With a remarkable 74 years of recording history between them Emmylou Harris and her former Hot Band member Rodney Crowell have reunited to record this album of country duets.
Produced by Harris' former husband, Brian Ahern, who also produced many of her earlier records, she and Crowell are also joined by other Hot Band members such as James Burton, Glen D Hardin, John Ware, Bill Payne and Emory Gordy.
After the acclaimed "Wrecking Ball" Emmylou's work continued with an adventurous alternative country style that culminated with "All I Intended To Be". Now she has returned to her Gram Parsons inspired roots with this collection of neo traditional material. While Crowell has always followed his own brand of progressive country he has remained a traditionalist at heart and so this album finds them both tied by an affection for things past.
Emmylou's finest moment comes with her passionate reading of Patti Scialfa's song of obsession, "Spanish Dancer". With mandolin, gut string guitar and Crowell's gentle harmony this is an inspired performance of a beautiful song to rank with her best.
The album begins with Hank DeVito's "Hanging Up My Heart", packed with Hammond B3, accordion and steel guitar with Harris and Crowell reviving that Hot Band sound. The black humour of Roger Miller's "Invitation To The Blues" is a smart piece of traditional country driven by steel guitar and fiddle.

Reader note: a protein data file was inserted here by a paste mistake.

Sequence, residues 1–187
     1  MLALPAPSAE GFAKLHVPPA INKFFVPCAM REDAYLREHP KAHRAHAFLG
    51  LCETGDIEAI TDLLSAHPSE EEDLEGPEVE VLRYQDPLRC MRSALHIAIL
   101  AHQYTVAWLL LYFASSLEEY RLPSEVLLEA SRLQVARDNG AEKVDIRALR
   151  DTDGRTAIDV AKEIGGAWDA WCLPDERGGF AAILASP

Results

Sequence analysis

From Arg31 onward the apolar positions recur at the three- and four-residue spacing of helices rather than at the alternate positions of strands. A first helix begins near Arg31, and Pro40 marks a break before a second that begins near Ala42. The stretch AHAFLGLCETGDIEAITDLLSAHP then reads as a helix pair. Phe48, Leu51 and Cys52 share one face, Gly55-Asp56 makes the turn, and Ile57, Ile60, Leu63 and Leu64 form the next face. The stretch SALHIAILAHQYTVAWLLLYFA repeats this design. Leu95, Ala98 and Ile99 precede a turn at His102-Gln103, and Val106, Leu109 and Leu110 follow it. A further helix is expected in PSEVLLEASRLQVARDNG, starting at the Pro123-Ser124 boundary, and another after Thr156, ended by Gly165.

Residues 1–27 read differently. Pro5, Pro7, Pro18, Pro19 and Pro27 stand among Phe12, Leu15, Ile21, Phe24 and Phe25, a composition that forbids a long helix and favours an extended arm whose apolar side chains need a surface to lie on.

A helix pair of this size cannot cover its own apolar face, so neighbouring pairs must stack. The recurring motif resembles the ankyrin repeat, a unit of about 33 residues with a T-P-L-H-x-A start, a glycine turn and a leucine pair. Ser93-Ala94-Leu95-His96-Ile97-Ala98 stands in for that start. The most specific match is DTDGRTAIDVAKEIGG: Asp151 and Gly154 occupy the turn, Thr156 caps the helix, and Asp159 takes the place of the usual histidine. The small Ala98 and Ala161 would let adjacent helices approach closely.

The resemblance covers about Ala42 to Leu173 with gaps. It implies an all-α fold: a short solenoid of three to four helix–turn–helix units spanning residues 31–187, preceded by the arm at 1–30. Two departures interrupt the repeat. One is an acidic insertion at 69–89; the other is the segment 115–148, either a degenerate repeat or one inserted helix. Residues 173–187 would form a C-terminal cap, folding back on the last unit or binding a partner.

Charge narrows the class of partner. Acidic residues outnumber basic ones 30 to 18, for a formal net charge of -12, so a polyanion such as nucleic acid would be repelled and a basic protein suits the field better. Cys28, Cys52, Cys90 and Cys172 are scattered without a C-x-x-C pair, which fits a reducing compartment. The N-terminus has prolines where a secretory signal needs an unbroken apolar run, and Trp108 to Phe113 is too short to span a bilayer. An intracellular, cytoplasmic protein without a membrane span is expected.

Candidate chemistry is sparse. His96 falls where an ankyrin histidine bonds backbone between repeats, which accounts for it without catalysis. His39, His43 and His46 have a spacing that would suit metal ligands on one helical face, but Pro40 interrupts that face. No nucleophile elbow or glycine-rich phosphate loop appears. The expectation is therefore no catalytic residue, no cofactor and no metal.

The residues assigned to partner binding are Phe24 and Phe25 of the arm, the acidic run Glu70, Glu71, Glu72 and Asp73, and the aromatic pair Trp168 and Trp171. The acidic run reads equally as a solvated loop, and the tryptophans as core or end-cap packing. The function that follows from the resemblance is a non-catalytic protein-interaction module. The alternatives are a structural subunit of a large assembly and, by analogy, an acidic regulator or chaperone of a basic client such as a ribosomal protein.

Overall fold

The first part of Matraca Berg's beautiful "Back When We Were Beautiful" is sung by Emmylou to a simple piano accompaniment as she recalls the past with a perfect evocation of nostalgia and the sadness of growing old. But when Crowell joins her with the words
"But I still love to dance, you know we used to dance the night away Back when we were beautiful",
the effect is absolutely stunning, a timeless duet with melody and lyrics framed by shades of perfection.
There is a a perfectly realised version of Allen Reynold's delightful classic "Dreamin' My Dreams" and "Black Caffeine", another DeVito number, is propelled by more of that Hammond B3. Other highlights include Crowell's "Here We Are" underpinned by steel guitar and piano and another Hank DeVito song, the reflective and poignant "Old Yellow Moon" which closes the album.
This is an album that finds Emmylou's voice at its crystalline best with Rodney Crowell equal to the task of duetting with a legend. With Brian Ahern back at the helm and a few former Hot Band members included in the mix this is country music where past and present come together to show that there will always be a future for this most enduring of musical genres.
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